Monday, September 16, 2013

Nigeria: To Break Or Not To Break - Femi Fani-Kayode

Today a great protest is taking place in the
Catallan region of Spain. According to the
polls, 52 per cent of the people from that
region wish to break off from Spain and to
establish a new European sovereign state.
Later this year, the people of Scotland are
having their own referendum to determine
whether or not they will stay in the United
Kingdom and, again, from the polls, it is very
clear that the majority of Scots wish to have
their own new sovereign state and that the
Scottish Nationalist Party enjoys massive
support. Nobody in either Spain or the United
Kingdom has insulted those people or labelled
them as ''ethnic jingoists'' or ''primitive
tribalists'' for wanting to break off from the
greater whole and establish their own country.
This is because everyone respects the right of
the various ethnic groups and nationalities
within their wider nation to exercise their
right of self-determination which is an
integral and fundamental aspect of
international law. Exercising that right does
not turn them into villains and does not make
them any less patriotic than their compatriots
who do not share their views. It just means
that they have a different perspective and
that they believe, as many believed before
Malaysia and Singapore broke up, that the
interests of their various peoples are better
served when and if they go their separate
ways.
They opted to be friendly neighbours rather
than to be compelled to remain within the same
territory against their collective will. As we in
Nigeria approach the 100-year anniversary of
our 1914 Lugardian amalglamation and, as the
2015 elections are fast approaching with both
the northern region and the south-south zone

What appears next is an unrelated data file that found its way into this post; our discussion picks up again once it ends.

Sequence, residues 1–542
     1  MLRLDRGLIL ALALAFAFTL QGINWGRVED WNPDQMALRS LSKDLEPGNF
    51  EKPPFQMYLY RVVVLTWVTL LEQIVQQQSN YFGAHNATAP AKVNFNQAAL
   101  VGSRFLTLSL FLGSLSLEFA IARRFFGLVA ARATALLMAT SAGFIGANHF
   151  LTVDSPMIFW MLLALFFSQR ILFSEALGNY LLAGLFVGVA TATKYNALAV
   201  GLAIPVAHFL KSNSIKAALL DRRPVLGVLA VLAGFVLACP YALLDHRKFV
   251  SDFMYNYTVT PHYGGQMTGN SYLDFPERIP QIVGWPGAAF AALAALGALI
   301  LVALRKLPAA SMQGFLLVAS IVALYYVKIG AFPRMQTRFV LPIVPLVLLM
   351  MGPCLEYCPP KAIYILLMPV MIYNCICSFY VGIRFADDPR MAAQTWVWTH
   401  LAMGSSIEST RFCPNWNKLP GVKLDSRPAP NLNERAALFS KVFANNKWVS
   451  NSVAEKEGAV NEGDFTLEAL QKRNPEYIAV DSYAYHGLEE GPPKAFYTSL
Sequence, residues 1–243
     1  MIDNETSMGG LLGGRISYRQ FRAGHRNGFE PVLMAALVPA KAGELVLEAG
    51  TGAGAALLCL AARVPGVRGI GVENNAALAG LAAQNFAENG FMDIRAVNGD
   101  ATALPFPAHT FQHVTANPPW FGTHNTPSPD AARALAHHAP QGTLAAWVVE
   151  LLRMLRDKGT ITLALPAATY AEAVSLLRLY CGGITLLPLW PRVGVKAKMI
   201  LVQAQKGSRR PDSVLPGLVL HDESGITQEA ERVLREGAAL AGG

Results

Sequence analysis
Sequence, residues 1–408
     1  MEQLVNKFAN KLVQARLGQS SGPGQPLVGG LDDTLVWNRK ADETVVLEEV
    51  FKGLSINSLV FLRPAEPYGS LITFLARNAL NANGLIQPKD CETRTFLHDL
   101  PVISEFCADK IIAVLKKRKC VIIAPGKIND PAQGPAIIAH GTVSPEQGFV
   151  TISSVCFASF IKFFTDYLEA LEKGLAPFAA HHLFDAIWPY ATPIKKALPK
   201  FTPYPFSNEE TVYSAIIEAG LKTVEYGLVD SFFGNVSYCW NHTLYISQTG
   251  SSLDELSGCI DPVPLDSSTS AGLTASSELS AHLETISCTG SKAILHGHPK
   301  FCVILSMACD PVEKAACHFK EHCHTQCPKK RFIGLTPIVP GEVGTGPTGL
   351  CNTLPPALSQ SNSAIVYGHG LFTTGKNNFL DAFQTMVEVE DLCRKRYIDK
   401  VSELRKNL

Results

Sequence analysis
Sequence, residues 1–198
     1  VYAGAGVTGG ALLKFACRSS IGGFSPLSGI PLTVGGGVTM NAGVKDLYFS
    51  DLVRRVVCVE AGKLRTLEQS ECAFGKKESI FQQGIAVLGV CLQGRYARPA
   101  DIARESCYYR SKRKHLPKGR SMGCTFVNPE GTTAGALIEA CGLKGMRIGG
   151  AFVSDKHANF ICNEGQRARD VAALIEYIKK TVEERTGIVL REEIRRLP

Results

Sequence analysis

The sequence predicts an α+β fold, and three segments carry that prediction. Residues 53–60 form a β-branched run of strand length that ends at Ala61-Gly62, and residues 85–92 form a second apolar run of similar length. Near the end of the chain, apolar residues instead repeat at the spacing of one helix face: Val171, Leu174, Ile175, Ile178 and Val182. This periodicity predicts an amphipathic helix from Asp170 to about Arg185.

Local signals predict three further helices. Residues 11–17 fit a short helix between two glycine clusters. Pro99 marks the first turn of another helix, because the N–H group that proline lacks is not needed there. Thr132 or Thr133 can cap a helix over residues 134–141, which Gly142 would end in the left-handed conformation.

desperate to take or to hold on to power at
any cost respectively, we need to begin to ask
ourselves some basic and fundamental
questions about our future. For example, is our
interest better served by remaining as one
nation or is it time for those nationalities that
wish to leave the federation in a peaceful and
orderly way, as a result of a legitimate and
honest referendum, be alllowed to go?
UNANSWERED QUESTIONS
If the breaking up of larger countries into
smaller and more viable ones is good enough
for India (which broke into three), the Sudan
(which broke into two), Czekhoslovakia (which
broke into two), Yugoslavia (which broke into
5), the Soviet Union (which broke into 15) and
numerous other countries over the years, why
is it not good enough for us? Again, why should
those that believe that Nigeria ought to break
up be subjected to so much suspicion, ridicule,
contempt and insults from those that do not
share their views?
Some of the questions that need to be
answered are as follows- firstly, is our union
working? Secondly, is our marriage a good one
and is it a happy one as well? Are we satisfied
with what has essentially become a country
that has been turned into nothing more than
(with apologies to Chief Bode George) ''Turn by
Turn Nigeria?'' where each ethnic group simply
looks forward to enjoying its time to control
the federation and all the nation's resources
from an all powerful centre? Are we not meant
to be far more than this? Is this what the
founding fathers of our nation envisaged?
More than anything else the recent igbo/
yoruba debate over the issue of the status of
Lagos state and the deportation of a handful
of igbo destitute back to the east has proved
to me that we as a people are very different
from one another and that our interests may
be better served if we are no longer bound
together as one. I dare to voice this opinion
even though many Yoruba share it but will not
say so publiclly.
Is it not time for us to begin to accept the
bitter truth that our marriage is
uncomfortable and unhappy and that it may
not have been made in heaven or ordained by
God? Is it not clear that each region or each
nationality ought to be able to develop at its
own pace? Is it not time for us to have a
confederation of nationalities in Nigeria and
to restructure the country drastically to give
maximum autonomy to the various regions and
nationalities or indeed is it not time to just